October 28, 2007
While Claws for Alarm plays dread and stark design for laughs, The Tell-Tale Heart, produced just a year earlier by the United Productions of America (UPA) studio, goes straight for disquiet, suspense and insanity. I sometimes wonder what it must have been like to sit in a movie theatre in 1953 and read the title card: "This story is told through the eyes of a madman ......... who, like all of us, believed that he was sane."
It's not that American audiences hadn't experienced dramatic theatrical animated shorts before. It's just that, prior to The Tell-Tale Heart, they were typically leavened by comedy. This faithful adaptation of Edgar Allen Poe's short story grabs you by the throat, and doesn't let go for its entire eight-minute span.
The Tell-Tale Heart is a story about psychosis. The unseen and unnamed narrator (voiced with by James Mason) relates how he took care of an unnamed old man, who was pleasant enough but had one bad eye, turned milky white. The narrator sees the eye, as he says, his voice suddenly rising, "everywhere and in everything!" He abruptly catches himself, and speaks with icy calm: "Of course, I had to get rid of the eye." What follows is murder and concealment, but it soon becomes apparent that this was merely the beginning of the narrator's descent into madness. When constables come around to investigate the noise, they never discover the body in the floorboards—but then the narrator imagines he hears the old man's heart beating...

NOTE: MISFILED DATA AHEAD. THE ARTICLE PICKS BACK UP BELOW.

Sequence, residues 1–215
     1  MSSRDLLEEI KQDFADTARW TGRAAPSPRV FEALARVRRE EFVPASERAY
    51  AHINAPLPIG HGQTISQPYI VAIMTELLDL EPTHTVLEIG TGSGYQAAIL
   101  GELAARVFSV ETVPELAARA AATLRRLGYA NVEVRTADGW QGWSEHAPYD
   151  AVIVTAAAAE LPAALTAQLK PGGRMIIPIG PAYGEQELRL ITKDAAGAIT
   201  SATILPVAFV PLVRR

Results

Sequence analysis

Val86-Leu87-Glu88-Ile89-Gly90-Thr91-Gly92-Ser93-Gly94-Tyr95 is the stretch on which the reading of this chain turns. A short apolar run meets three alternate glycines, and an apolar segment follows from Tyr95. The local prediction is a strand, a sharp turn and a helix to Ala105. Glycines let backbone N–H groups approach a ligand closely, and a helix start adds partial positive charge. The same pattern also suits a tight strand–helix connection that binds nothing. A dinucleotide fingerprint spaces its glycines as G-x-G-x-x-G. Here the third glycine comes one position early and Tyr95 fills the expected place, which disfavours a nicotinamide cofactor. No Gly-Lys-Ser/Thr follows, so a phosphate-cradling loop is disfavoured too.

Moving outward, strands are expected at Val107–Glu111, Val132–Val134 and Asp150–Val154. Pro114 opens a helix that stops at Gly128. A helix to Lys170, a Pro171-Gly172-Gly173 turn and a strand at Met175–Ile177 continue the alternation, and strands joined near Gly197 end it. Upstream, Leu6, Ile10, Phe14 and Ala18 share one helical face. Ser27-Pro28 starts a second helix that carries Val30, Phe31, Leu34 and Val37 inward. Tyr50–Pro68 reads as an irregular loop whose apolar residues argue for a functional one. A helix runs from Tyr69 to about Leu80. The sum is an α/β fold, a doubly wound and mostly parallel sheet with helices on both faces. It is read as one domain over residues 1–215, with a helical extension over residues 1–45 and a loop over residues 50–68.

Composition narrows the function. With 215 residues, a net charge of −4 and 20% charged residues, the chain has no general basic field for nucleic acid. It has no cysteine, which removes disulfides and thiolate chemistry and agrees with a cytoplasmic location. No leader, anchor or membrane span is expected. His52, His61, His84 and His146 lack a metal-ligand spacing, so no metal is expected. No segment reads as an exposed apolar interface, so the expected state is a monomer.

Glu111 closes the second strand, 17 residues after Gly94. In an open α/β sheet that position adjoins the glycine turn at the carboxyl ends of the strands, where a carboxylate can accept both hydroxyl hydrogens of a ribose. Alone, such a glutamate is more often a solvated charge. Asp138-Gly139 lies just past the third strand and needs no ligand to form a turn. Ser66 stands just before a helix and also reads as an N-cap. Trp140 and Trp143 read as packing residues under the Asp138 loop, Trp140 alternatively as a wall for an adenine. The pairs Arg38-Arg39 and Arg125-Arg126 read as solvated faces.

The pleasure of The Tell-Tale Heart is its trifecta of story, narration and visuals. While UPA had been pushing the modern style for a decade, they had never cut loose and applied it to outright drama. Here, the angular, asymmetrical designs, sharply delineated shadows, textured backgrounds and stylized movement reinforced the perspective of the narrator's unhinged mind. There's little in the way of animated flourishes; except for the sudden brutality of the old man's murder, everything moves at a pace as measured as Mason's narration. Like Hitchcock, director Ted Parmelee knew that creeping dread and suspense, punctuated by moments of violence and surprise, were the best heart-stoppers.
Where to find it: As an extra on the Hellboy DVD.